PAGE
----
Within Baltimore Food Makers, you will find people passionate about good food, people who want to know where their food comes from and who play a part in getting it from seed (or animal) to the table, people who are carrying on the important skills of growing and processing food for themselves and their families. We trade, barter, and share our equipment, skills, and knowledge.

How does Baltimore Food Makers make food?

Gardening, canning, dehydrating, fermenting, yogurt and cheese-making, sourdough baking, home brewing, coffee-roasting, and that's just the beginning!

What does Baltimore Food Makers do?

This group has three main functions:

    1. Connects people in Baltimore who have similar interests.

    2. Provides an online forum for sharing resources, skills, and knowledge.

    3. Organizes monthly potlucks and other events to learn new skills and eat together.

This is where you join the conversation.

Baltimore Food Makers uses a Google Group email

discussion list for sharing resources, skills, and knowledge about food growing, preserving, and preparing.  The group is also for communicating details about our monthly potluck events.

Introduce yourself, tell us about your food interests, find out who can help you learn new skills, teach us what you know.

Who can join the group?

You!  This group is for people who want to learn.  Beginners welcome!  This group is for people who want to share what they know.  Experts welcome! It is for sharing information, skills, and stuff related to our common interest of food making and growing.  Even if you have no interest in attending a meeting, join our conversation via the email group.

Find someone to help you on your DIY food project. Share some seedlings. Give away extra harvested vegetables.  Share information on a great farm you found.  Borrow a cheese-press for an afternoon.  Get some sourdough starter. Offer to teach someone how to make sauerkraut.  Find out about a community garden in your area.  Make a trade for some canning jars.  Share in someone's excitement as they test out their first batch of home-made mozzarella cheese.

In the news and on the web

10 Nov 2010 - Baltidome - Learn Sausage-Making with Baltimore Food Makers
20 Sept 2010 - Baltimore DIY - September 2010 Potluck by Aliza Sollins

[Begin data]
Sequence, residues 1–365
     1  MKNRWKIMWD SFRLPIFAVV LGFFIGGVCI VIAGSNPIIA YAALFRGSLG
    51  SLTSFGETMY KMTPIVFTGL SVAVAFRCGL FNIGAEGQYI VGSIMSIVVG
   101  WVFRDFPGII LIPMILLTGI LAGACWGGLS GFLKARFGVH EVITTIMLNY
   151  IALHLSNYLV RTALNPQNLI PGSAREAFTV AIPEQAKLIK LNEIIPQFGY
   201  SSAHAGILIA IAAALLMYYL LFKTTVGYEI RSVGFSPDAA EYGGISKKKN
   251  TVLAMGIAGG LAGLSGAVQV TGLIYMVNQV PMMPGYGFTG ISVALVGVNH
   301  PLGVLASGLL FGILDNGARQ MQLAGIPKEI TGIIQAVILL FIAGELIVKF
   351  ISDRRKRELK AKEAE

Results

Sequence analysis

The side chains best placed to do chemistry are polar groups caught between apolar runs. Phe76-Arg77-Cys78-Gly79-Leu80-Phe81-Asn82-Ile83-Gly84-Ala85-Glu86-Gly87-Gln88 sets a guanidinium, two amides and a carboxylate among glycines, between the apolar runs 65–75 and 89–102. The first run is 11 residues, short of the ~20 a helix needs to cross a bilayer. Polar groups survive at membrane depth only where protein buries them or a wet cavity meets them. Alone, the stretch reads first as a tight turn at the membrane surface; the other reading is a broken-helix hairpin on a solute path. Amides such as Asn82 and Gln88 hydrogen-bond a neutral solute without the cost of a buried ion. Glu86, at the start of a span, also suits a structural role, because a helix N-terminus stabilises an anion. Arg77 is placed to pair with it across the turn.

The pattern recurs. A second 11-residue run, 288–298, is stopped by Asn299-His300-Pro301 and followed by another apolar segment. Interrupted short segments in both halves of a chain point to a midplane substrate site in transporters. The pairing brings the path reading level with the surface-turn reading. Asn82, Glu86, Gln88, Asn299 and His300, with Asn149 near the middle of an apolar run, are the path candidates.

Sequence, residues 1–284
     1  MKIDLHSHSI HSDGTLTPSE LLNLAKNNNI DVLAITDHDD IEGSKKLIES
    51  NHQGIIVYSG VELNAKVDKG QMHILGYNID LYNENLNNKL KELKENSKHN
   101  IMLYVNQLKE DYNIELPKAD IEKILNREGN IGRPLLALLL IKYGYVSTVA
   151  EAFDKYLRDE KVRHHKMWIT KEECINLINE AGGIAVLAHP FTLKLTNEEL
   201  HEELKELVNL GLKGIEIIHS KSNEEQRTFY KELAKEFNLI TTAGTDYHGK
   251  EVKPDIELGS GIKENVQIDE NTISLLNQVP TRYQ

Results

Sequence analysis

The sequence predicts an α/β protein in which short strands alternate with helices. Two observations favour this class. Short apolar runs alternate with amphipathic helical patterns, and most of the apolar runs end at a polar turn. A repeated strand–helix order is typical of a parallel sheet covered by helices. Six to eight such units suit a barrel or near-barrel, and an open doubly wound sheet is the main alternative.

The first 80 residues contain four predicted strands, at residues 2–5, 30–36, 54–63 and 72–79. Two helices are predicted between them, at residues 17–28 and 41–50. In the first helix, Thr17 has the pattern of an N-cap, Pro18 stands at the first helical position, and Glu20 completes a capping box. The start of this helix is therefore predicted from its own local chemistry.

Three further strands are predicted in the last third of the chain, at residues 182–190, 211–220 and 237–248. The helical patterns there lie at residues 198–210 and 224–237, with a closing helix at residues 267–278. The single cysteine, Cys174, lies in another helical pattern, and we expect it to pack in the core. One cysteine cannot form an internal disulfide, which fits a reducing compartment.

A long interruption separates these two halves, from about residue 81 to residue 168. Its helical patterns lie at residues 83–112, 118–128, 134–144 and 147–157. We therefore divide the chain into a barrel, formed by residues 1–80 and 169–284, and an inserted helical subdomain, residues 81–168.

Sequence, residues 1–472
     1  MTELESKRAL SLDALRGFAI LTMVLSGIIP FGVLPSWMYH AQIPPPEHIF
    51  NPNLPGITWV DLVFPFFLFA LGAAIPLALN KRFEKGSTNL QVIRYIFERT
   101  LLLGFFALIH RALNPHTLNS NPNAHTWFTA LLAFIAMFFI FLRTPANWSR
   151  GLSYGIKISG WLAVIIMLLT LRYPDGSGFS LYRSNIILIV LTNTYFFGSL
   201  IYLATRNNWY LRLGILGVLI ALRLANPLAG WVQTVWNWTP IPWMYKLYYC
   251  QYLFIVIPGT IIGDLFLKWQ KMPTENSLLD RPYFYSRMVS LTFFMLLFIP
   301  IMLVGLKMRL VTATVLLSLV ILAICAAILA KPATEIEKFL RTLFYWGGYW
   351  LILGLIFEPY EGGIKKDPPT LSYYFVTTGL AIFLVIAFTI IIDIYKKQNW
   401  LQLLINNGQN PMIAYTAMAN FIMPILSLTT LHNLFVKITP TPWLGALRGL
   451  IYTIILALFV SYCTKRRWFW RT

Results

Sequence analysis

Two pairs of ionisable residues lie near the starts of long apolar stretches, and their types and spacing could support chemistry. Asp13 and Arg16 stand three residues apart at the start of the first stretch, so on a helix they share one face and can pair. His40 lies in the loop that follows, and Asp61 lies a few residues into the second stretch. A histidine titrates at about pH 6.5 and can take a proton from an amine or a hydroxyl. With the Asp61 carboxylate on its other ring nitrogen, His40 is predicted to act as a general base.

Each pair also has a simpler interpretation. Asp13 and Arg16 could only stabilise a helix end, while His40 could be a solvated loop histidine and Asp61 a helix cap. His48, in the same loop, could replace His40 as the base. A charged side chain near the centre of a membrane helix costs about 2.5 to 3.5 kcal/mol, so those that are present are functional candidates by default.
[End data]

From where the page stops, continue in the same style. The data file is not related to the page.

25 August 2010 - The Marc Steiner Show - Interview podcast with Marc Steiner
01 August 2010 - Urbanite - Making It by Michelle Gienow
17 May 2010 - Dining@Large - Pick-your-own Figs? by Laura Vozzella
11 May 2010 - Dining@Large - Food Maker seeks Local Honey by Laura Vozzella
20 April 2010 - Baltimore DIY - April 2010 Baltimore Foodmakers Foraging Potluck by Aliza Ess
19 April 2010 - Baltivore - In the Weeds by Michelle Gienow
24 March 2010 - Johns Hopkins Center for a Livable Future - Urban Chicken Farming by David Love
22 March 2010 - Daftly Smitten - Not-So-Dark Days - Week 18 by Jennie
11 Feb 2010 - Baltimore DIY - What are you cooking this snow day? by Aliza Ess
25 Jan 2010 - Johns Hopkins Center for a Livable Future - Baltimore Food Makers Potluck by David Love
24 Jan 2010 - Dave Love's Blog - Baltimore Food Makers potluck by David Love
24 Jan 2010 - Baltimore DIY - January Foodmakers Potluck by Aliza Ess
21 Jan 2010 - blit - Node, Food Makers, and Networks of Learning by Adam Bachman
20 Jan 2010 - Baltimore City Paper - Hard Cider: Homemade hooch is cheap and easy by Michelle Gienow
13 Dec 2010 - Baltimore DIY - December Foodmakers Potluck by Aliza Ess
24 Nov 2009 - Baltimore DIY - More Cider Making Photos by Aliza Ess
22 Nov 2009 - Baltimore DIY - November Foodmakers's Cider Making by Aliza Ess
12 Oct 2009 - Baltimore DIY - Spontaneous Fermentation by Aliza Ess
7 Oct 2009 - Elephant Journal - Get Your Ferment On by Aliza Ess
7 Oct 2009 - Baltimore DIY - October Foodmakers Potluck: Fermentation and Pickling by Aliza Ess
3 June 2009 - Baltimore Sun: Consuming Interests - Make it yourself, Fix it yourself: Maker Faire by Liz Kay
28 Oct 2008 - Notebook of a Young Homemaker - Food Makers of Baltimore by Johanna Bachman
28 Oct 2008 - Process over Content - Baltimore Food Makers by Adam Bachman